King David did not downplay his sin.  When confronted by Nathan about his murderous adulterous affair, he was sincerely broken over his sins.  How easy it would’ve been for him to sweep his transgressions away by claiming he had every right as king to do what he pleased.  We’ve talked here before about King Herod and his murderous schemes, his adulterous, incestuous affairs yet he felt entitled to act this way because he was king, but not so with David.  I often wonder if as Christians we don’t have a little bit of King Herod’s entitlement mindset and think that because we have been saved by grace through faith that we are permitted certain “freedoms” or pleasures.

David felt the weight of his sin in his life and was broken by it.  He knew his sins and came face to face with them.  And he cried out to God for forgiveness.  1 Blessed is the one whose transgression is forgiven, whose sin is covered. 2Blessed is the man against whom the LORD counts no iniquity, and in whose spirit there is no deceit. 3For when I kept silent, my bones wasted away through my groaning all day long. 4For day and night your hand was heavy upon me; my strength was dried up as by the heat of summer.  Selah  5acknowledged my sin to you, and I did not cover my iniquity; I said, “I will confess my transgressions to the LORD,” and you forgave the iniquity of my sin. Selah” Psalm 32:1-5 ESV

It’s time for us as believers in the body of Christ to likewise begin to feel the weight of sin in our lives.  We need to come face to face with the fact that we are not good, that even our good deeds are nothing, “all our righteousnesses are as filthy rags.” Isaiah 64:6 When we come to this realization and know our sin, we begin to see how unworthy we are to stand before the Holy God.  We can begin to understand that we’re not entitled to anything, but instead reliant on God for everything.  The weight of our sin should break us, it should make us feel like King David and swim in sorrow at night in our sheets.  Only then can a loving God put us back together and mold us in the image of His Son.  Only then can we truly realize our need for a Savior and that life apart from a total reliance upon Him is impossible.  Know your sin.  Repent of them. And run to Jesus Christ for forgiveness.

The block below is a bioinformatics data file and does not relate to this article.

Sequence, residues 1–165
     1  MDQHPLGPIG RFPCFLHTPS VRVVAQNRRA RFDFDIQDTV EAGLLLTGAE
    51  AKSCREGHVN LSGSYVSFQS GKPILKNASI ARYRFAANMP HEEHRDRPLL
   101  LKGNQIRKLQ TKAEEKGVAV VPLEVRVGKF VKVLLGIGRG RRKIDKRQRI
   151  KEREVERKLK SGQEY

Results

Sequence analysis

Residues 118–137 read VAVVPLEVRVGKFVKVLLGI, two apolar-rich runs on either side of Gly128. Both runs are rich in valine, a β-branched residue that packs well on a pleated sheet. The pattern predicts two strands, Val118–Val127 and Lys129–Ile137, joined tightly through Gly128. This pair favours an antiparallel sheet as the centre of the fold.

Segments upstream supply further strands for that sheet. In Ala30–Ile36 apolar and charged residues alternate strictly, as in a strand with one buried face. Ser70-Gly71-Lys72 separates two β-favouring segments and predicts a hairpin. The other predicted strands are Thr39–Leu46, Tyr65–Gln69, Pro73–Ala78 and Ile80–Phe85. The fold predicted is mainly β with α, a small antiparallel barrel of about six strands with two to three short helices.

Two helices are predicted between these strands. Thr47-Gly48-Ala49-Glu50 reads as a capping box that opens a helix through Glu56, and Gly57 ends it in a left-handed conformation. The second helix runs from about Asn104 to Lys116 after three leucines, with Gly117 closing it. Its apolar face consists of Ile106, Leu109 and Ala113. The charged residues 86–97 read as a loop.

Preparing your church for Suffering

In a world where suffering of any kind seems so prevalent, natural disasters are becoming more frequent, disease strikes those closest to us, and death is eminent for us all, it’s important to look to the Bible to understand how and why God uses suffering in our lives.  The Apostle Paul was a man whom God set apart to suffer for His sake and we can look at how he handled it in his life for encouragement during times of our own suffering.  Upon his conversion on the road to Damascus, the Apostle Paul was temporarily strickened blind.  The Lord appeared to a disciple in Damascus named Ananias and told him to find Paul and lay hands on him for healing of his sight.  The Lord declared to Ananias, “Go, for he is a chosen instrument of mine to carry my name before the Gentiles and kings and the children of Israel.  For I will show him how much he must suffer for the sake of my name.” Acts 9:10-16 ESV  And suffer he did.  Paul summarizes in II Corinthians 11:21-30 ESV

“But whatever anyone else dares to boast of—I am speaking as a fool—I also dare to boast of that. Are they Hebrews? So am I. Are they Israelites? So am I. Are they offspring of Abraham? So am I.  Are they servants of Christ?  I am a better one—I am talking like a madman—with far greater labors, far more imprisonments, with countless beatings, and often near death.  Five times I received at the hands of the Jews the forty lashes less one.  Three times I was beaten with rods. Once I was stoned. Three times I was shipwrecked; a night and a day I was adrift at sea; on frequent journeys, in danger from rivers, danger from robbers, danger from my own people, danger from Gentiles, danger in the city, danger in the wilderness, danger at sea, danger from false brothers; in toil and hardship, through many a sleepless night, in hunger and thirst, often without food, in cold and exposure.  And, apart from other things, there is the daily pressure on me of my anxiety for all the churches. Who is weak, and I am not weak?  Who is made to fall, and I am not indignant?  If I must boast, I will boast of the things that show my weakness.”